All you need to make your own story stones are:

  • Stones of any shape, size and colour
  • Paints or paint pens

If you try this at home, why not share your photographs with us on Twitter @GlenwoodFC


Playdough and loose parts play

The orchard bubble have been busy! 

The orchard bubble has shown a great interest in making playdough over the last few weeks. The children have taken responsibility for their own learning by coming up with different ideas of how they want to create their playdough from colours and texture.  “I want blue.”




“I want pink.”




The children had shown an interest in loose parts and wanted to include this in their playdough experience. By incorporating loose parts with playdough the children are developing their fine motor skills. They use a variety of movements such as pressing, rolling and stretching. This will help to strengthen the muscles in their hand which in turn will help them with their writing skills.


“I want to use leaves.”       


 “Oooohhh feathers.”



The children showed ownership over their creations and seemed to enjoy the fact that they could start again when one model was finished. They did show interest in taking them home so our next steps will be trying to create models with loose parts and clay.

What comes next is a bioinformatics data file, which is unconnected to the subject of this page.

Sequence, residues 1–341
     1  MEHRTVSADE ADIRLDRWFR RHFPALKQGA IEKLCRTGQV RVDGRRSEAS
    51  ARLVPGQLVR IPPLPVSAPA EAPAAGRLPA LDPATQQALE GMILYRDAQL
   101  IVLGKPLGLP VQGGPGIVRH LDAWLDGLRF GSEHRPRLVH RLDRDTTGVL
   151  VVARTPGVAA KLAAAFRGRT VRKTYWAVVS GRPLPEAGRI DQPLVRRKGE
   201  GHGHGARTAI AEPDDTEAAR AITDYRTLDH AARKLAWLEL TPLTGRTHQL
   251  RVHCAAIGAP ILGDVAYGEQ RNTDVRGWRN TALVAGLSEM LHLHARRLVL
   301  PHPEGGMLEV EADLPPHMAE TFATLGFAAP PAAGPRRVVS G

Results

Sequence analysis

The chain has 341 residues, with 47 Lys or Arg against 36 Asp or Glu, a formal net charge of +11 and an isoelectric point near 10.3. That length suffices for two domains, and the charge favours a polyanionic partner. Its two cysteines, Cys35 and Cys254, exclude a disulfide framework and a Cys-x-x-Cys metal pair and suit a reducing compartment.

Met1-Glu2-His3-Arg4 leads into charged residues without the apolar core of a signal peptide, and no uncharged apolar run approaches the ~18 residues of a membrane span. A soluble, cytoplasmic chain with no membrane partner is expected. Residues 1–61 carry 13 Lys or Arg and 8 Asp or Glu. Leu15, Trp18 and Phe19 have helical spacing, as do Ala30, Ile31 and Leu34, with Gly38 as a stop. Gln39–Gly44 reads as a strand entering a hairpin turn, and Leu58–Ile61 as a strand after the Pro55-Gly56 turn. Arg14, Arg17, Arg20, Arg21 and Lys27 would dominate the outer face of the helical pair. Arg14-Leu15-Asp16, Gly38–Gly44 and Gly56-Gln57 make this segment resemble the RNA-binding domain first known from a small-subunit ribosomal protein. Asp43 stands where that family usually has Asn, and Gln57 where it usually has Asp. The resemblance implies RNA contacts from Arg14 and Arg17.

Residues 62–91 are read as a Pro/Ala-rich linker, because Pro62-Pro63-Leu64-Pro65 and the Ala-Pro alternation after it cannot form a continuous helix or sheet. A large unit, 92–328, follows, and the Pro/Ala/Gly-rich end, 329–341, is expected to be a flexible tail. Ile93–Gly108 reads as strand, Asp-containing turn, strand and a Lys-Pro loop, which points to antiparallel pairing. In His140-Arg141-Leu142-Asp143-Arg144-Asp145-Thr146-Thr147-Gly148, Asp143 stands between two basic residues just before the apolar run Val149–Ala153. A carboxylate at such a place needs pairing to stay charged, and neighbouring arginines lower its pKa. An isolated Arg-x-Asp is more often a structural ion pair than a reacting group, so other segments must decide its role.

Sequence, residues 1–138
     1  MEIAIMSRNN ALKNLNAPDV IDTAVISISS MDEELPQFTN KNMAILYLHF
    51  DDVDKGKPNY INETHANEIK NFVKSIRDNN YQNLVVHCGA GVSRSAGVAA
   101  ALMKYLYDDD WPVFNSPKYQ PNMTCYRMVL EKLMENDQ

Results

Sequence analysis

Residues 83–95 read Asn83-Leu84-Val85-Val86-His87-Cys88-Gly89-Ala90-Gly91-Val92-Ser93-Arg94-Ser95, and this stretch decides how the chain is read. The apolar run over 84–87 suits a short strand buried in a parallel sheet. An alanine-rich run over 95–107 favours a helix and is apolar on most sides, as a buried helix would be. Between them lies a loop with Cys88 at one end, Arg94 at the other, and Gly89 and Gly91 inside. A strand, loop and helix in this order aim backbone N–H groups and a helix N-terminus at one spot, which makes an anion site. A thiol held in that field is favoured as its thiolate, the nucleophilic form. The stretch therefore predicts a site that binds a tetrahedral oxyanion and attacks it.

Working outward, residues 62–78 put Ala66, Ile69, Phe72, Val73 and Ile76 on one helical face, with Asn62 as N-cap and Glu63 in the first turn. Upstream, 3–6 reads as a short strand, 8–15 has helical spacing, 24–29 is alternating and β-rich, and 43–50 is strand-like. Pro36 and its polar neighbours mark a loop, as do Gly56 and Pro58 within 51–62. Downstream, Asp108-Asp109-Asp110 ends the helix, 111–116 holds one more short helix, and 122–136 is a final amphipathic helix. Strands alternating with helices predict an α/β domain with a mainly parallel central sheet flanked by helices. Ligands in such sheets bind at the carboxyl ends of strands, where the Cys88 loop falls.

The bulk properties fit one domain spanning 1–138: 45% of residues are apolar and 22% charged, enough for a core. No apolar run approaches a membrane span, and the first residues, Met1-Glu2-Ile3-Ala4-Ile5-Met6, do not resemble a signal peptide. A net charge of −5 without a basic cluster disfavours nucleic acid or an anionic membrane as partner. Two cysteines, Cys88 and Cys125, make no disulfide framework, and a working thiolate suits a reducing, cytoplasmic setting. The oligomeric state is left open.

“Can we take them home?”

Musicality benefits

From a very young age children benefit in all areas of their development when taking part in musicality sessions.


  1. Helps children understand the meaning and the sound of words.
  2. Helps develop their listening skills (loud, quiet)
  3. Rhyming
  4. Syllables (clapping out)
  5. Helps them predict
  6. Imagination
  7. Conversation
  8. Follow instruction



  1. Counting beats
  2. Number song
  3. Recognition of numbers
  4. Recognition of Shapes And their names
  5. Rhythm pattern


Gross and fine motor motor skills

  1. Jumping, hopping, skipping and dancing.
  2. Helps them develop and control their body movements.
  3. Better control at manipulating objects (instruments)
  4. Helps strengthen their muscles.
  5. Moving the instruments in all different directions(up downside to side, front back)

Social and emotional skills

  1. Interaction with other children.
  2. Introduction to different kinds of music and cultural differences awareness.
  3. Increasing confidence in performing
  4. Sharing resources.